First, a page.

Advertisement

THE SUPERMARKET STRIKE

Safeway Takes a Hard Line

The grocer will hold firm on its bid to save money in the long run, its CEO tells analysts.

October 17, 2003|Debora Vrana and Nancy Cleeland | Times Staff Writers

Safeway Inc. Chief Executive Steven A. Burd vowed Thursday not to give in to demands by striking supermarket workers, declaring that the contract offer from the three big chains was "as good as it gets."

Taking a hard-line stance "is an investment in our future," Burd said, adding that Safeway was prepared to take on debt to avoid giving strikers what they wanted. He predicted that the supermarket giant's expenses would go up by more than $130 million in three years if it didn't bat- tle rising employee-related health-care costs now.

"It's nasty business, and we wish we didn't have it," he said in a conference call with analysts about Safeway's fiscal third-quarter profit, which was down sharply. But the cost of the strike, he said, was "a very small number compared to accepting business as usual."

Burd's comments were the first from a supermarket chief executive since the United Food and Commercial Workers union struck Safeway's Vons and Pavilions stores late Saturday. Albertsons Inc. and Kroger Co.'s Ralphs, which bargain jointly with Safeway, locked out their workers after the Safeway strike began.

Union leaders said Burd's comments were more likely to stiffen their members' resolve than weaken it.

"Now these men and women fighting for their futures realize the man at the top of their company does not care about them," said Greg Conger, president of UFCW Local 324 in Orange County.

Greg Denier, UFCW communications director, said the hard-line strategy could backfire in an industry so dependent on good relations with customers.

"What he's trying to sell Wall Street is that the short-term loss will result in long-term gain from lower wages and the elimination of benefits," Denier said. "But he's antagonizing the workforce and alienating the customer base. If this goes on, they won't come back."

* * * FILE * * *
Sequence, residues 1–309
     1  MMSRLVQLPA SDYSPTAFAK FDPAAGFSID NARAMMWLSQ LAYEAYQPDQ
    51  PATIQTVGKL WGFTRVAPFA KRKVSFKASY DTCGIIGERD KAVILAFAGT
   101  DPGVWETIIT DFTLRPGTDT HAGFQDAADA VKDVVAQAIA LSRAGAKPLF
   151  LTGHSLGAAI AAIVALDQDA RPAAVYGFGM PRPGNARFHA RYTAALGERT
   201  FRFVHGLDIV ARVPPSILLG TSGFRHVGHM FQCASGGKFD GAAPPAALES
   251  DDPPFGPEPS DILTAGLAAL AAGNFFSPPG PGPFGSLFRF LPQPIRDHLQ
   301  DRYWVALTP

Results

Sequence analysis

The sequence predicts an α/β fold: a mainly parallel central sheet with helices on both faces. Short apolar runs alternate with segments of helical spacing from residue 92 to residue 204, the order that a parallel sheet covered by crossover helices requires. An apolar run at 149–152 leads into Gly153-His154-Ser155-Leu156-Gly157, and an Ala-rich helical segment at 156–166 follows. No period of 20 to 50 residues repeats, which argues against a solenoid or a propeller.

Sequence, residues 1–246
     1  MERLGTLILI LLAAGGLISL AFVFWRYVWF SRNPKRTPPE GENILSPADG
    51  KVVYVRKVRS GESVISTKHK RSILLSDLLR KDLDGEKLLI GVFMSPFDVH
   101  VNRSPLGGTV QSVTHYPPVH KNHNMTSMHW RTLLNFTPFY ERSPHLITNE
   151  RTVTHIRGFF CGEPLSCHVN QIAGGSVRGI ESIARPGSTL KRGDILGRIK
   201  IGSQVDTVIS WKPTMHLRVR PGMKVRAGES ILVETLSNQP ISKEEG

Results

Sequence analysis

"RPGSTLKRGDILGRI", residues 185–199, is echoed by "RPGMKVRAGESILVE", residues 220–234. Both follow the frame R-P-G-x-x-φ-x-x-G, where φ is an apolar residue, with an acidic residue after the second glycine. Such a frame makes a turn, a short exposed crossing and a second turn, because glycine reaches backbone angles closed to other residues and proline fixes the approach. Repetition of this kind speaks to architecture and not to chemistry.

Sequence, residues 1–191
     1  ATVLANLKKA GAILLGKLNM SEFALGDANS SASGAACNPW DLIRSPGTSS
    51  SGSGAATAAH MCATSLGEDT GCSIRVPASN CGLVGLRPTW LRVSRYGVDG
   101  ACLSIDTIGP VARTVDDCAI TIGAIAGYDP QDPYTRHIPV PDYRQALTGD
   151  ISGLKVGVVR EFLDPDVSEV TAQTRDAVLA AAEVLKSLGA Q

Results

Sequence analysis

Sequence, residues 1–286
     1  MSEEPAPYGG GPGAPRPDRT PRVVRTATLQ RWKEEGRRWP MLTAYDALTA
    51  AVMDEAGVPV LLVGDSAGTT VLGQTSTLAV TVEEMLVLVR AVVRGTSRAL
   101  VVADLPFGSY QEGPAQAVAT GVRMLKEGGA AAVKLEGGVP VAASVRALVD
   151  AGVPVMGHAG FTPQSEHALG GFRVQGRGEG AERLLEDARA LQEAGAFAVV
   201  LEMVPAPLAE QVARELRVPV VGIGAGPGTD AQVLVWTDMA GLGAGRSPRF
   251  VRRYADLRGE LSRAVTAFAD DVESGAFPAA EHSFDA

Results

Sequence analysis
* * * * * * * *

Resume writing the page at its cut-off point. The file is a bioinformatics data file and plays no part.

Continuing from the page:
The strike was called over employer proposals to cut health care and pension benefits and create a substantially lower tier of wages and benefits for new hires. The proposed contract -- rejected by 97% of voting union members -- also would allow stores to shift union work to outside vendors and to open nonunion stores.

Top wages for store employees range from $7.40 for baggers to $18.19 for meat cutters. Union officials say the average is about $12 an hour and that most workers are part time.

All employees receive fully paid family health benefits. The grocery chains say workers must start shouldering some of these costs, citing escalating health insurance expenses and competition from nonunion stores. Under the proposal, workers would among other things have to contribute to premiums, paying at least $780 a year for family coverage.

"They're not going to see a better offer than this," Burd said Thursday. "This offer does a marvelous job of protecting existing employees. They still have Cadillac benefits when it's over."

Burd acknowledged that the strike might be "quite impactful" to the 1,702-store chain's bottom line but would not reveal sales declines at the 289 Safeway stores affected by the strike.

He declined to speculate on how long the strike might last.

"There are no talks," he said. "There are no plans for talks. There is nothing going on."

UFCW officials also held firm, saying it was up to the markets to change their offer and call the union back to the table.

At a rally in Hollywood, a host of union presidents, elected officials and community leaders pledged support and promised to walk picket lines this weekend. The next few days are considered crucial, as shoppers' sympathies with strikers may be tested after a week of inconvenience.

Six members of the Los Angeles City Council and two state legislators revved up the crowd in front of a Pavilions store at Melrose Avenue and Vine Street, several with tales of their own days as supermarket clerks.

Councilwoman Jan Perry said she turned away Albertsons representatives at her office Wednesday. "I told them until you respect your workers, we've got nothing to talk about."

Miguel Contreras, the top official in the Los Angeles County Federation of Labor, said the Rev. Jesse Jackson planned to visit picket lines this weekend and that AFL-CIO President John Sweeney would join them early next week.

Teamsters officials said shutting down the markets' distribution centers, where about 8,000 of the union's members work in the warehouses or as drivers, remained a possibility.

Safeway analysts expressed concern about the strike's long-term effects and about the possibility that strikes would spring up nationwide; Safeway is negotiating contracts in other areas including Portland, Ore.

"Anytime a strike hits the radar, there is a financial risk and it is real," said Jason Whitmer, an analyst with Midwest Research in Cleveland. "But at the end of the day, the stock will recover. I'm surprised the stock hasn't been hurt by the strike."

Advertisement
Los Angeles Times Articles
|
|
|